Baby’s breath (Gypsophila paniculata) is a popular choice for flower arrangements, bridal bouquets, and centerpieces. The fluffy white flowers are known for their delicate appearance, and have become a staple in the floral industry. While it is widely regarded as a harmless and non-toxic plant, there are significant health hazards associated with the flower that should not be ignored.
The Toxicity of Baby’s Breath Flower
Chemical analysis of baby’s breath shows that it contains saponins and protoanemonin, which can be toxic when ingested or inhaled. Saponins are natural detergents that can cause irritation to the skin, eyes, and respiratory system. Protoanemonin is a toxic lactone that can cause vomiting, diarrhea, and even death in some animals.
The greatest risk associated with baby’s breath is inhalation. Florists, farmers, and gardeners who handle the flower may inhale dust and pollen particles that can trigger respiratory problems such as bronchitis or asthma. Pets and children who are exposed to baby’s breath may also be at risk of respiratory distress.
Risk Factors Associated with Baby’s Breath
Individuals who work in the floral industry are at the highest risk of exposure to baby’s breath. They may handle the flower on a daily basis or come into contact with it in closed environments, increasing their risk of respiratory problems. However, there are other groups of people who are also at risk:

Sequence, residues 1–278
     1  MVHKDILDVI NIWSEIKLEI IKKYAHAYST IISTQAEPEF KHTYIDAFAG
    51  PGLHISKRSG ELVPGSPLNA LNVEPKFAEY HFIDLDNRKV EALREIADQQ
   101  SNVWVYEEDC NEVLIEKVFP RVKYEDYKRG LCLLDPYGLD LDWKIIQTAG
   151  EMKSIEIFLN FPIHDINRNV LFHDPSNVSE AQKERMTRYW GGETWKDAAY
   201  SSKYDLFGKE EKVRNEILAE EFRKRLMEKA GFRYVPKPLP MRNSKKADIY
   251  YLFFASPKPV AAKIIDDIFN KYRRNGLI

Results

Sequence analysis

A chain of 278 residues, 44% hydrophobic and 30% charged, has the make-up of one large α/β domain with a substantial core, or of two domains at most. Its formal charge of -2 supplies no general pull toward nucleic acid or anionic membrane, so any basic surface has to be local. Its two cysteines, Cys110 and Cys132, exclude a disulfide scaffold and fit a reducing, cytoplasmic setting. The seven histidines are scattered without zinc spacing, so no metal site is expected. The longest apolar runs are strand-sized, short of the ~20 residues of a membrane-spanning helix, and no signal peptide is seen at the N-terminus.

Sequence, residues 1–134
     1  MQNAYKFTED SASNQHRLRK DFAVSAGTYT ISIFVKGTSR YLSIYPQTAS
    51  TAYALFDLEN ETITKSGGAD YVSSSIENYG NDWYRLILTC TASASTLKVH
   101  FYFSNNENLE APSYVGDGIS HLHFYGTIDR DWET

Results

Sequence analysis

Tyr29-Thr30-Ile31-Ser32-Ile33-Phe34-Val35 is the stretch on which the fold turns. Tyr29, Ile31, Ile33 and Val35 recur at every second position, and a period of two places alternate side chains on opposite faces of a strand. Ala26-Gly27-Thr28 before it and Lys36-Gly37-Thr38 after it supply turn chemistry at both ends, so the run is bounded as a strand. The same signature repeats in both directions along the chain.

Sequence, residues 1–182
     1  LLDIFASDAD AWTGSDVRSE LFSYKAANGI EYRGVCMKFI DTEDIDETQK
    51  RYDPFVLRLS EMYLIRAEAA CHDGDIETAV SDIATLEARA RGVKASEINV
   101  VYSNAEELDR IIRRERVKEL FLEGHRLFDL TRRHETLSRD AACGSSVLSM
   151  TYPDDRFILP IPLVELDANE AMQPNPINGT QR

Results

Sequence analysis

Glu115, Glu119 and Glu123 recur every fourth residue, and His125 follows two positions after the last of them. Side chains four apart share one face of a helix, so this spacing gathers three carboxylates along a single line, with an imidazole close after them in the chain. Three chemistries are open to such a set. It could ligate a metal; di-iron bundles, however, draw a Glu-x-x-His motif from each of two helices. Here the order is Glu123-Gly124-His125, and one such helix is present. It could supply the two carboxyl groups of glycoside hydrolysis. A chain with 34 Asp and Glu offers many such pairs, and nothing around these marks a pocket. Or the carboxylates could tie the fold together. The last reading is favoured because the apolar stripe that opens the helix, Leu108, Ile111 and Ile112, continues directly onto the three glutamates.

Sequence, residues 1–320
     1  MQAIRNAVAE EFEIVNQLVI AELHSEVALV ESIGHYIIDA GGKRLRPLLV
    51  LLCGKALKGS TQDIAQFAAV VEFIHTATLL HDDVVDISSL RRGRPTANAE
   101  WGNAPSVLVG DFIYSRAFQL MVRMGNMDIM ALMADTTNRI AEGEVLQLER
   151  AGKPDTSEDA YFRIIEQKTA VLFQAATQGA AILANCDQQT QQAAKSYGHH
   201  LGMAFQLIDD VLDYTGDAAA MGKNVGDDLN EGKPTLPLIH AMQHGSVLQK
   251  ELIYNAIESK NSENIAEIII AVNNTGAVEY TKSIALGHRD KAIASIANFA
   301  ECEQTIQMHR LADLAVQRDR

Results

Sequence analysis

- Children and pets, who may be attracted to the flower and ingest it
- People with respiratory conditions, such as asthma or chronic bronchitis
To minimize the risks associated with baby’s breath, it is important to take the following precautions:
- Handle baby’s breath with gloves and protective eyewear
- Wash your hands thoroughly after handling baby’s breath
- Store baby’s breath away from closed environments
Baby’s breath is not the harmless floral arrangement flower it appears to be. Saponins and protoanemonin present in baby’s breath can be toxic when inhaled or ingested. Individuals who are at risk should take precautions when handling the flower to avoid any harm. Florists, farmers, and gardeners who work with baby’s breath should be particularly cautious, and organizations in the floral industry should take steps to protect their workers from exposure.